Handroanthus impetiginosus, pink ipê, pink lapacho, or pink trumpet tree is a native tree of family Bignoniaceae of the Americas, distributed from northern Mexico south to northern Argentina. Lapacho is the national tree of Paraguay, and it is also a common tree in Argentina's northeastern region, as well as in southeastern Bolivia. According to Native Trees of Trinidad and Tobago, this tree is not indigenous to Trinidad, it is introduced.
The pink lapacho is a rather large deciduous tree, with trunks sometimes reaching 8 dm width and 30 m height. Usually a third of that height is trunk, and two thirds are its longer branches. It has a large, globous, but often sparse canopy. The tree has a slow growth rate. Leaves are opposite and petiolate, 2 to 3 inches long, elliptic and lanceolate, with lightly serrated margins and pinnate venation. The leaves are palmately compound with usually 5 leaflets.
Its bark is brownish grey, tough and hard to peel. The wood is of a pleasant yellowish colour, barely knotted and very tough and heavy (0,935 kg/dm³). It's rich in tannins and therefore very resistant to weather and sun. It is not very useful for furniture since it is so hard to work by hand. It can be found as beams or fulfilling other structural uses where needed outdoors.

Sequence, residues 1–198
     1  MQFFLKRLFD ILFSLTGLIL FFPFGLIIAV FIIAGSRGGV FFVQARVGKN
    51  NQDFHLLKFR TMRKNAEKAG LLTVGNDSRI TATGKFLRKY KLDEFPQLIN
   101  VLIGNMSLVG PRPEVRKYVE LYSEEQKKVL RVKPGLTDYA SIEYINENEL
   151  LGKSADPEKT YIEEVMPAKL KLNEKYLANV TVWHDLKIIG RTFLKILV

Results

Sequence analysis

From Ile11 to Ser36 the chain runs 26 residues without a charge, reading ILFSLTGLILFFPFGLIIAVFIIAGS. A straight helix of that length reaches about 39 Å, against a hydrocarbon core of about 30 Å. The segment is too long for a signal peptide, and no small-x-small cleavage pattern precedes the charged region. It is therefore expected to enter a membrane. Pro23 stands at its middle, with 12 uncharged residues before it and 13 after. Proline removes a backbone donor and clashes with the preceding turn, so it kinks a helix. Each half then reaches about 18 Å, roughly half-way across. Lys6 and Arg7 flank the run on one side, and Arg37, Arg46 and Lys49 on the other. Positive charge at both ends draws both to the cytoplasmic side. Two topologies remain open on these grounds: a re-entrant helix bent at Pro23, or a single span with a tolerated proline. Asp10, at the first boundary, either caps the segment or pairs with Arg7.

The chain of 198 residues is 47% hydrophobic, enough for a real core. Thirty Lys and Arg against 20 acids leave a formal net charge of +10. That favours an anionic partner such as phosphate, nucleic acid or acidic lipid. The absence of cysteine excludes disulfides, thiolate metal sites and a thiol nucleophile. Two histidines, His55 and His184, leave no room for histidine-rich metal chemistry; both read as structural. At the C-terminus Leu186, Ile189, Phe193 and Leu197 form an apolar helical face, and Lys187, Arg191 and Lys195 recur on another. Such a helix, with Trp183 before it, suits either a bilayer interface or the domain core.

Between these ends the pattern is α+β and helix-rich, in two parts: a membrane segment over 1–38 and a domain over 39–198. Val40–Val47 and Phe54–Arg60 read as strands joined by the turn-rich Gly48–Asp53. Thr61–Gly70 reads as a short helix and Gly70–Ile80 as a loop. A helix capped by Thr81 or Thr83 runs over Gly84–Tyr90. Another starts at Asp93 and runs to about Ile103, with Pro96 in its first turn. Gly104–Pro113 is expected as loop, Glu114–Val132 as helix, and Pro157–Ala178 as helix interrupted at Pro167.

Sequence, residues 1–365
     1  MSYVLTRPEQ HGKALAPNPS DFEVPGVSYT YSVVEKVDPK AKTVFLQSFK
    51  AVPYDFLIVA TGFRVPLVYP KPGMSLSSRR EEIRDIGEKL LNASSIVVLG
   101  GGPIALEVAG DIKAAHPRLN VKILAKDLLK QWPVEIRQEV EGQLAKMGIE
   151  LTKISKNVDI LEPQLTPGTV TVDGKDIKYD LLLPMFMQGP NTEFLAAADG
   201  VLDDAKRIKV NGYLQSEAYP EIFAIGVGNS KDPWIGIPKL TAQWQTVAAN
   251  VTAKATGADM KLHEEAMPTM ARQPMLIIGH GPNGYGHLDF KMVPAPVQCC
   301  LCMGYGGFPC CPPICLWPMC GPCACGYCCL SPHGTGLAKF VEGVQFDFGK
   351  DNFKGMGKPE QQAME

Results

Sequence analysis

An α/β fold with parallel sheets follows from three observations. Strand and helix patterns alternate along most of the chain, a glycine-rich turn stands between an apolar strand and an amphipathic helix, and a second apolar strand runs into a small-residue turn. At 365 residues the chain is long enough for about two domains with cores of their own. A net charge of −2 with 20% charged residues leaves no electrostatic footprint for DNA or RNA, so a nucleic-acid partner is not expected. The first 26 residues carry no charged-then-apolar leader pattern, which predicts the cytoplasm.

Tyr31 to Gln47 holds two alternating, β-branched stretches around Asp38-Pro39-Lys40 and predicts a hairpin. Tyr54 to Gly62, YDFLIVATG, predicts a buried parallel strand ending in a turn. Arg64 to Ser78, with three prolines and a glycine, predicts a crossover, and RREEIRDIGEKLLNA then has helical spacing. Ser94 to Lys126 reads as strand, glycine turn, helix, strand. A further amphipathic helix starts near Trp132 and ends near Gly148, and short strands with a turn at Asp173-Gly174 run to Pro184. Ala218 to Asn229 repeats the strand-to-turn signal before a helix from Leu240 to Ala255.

In the southern hemisphere, pink lapacho flowers between July and September, before the new leaves appear. In the northern hemisphere like India, the flowering season is December to January, after the leaves are shed. The flower is large, tubular shaped, its corolla is often pink or magenta, though exceptionally seen white, about 2 inches long. There are four stamens and a staminode. The fruit consists of a narrow dehiscent capsule containing several winged seeds.
The flowers are easily accessible to pollinators. Some hummingbirds - e.g. black jacobin (Florisuga fusca) and black-throated mango (Anthracothorax nigricollis) - seem to prefer them over the flowers of other Handroanthus species, while for others like the stripe-breasted starthroat (Heliomaster squamosus) it may even be a mainstay food source.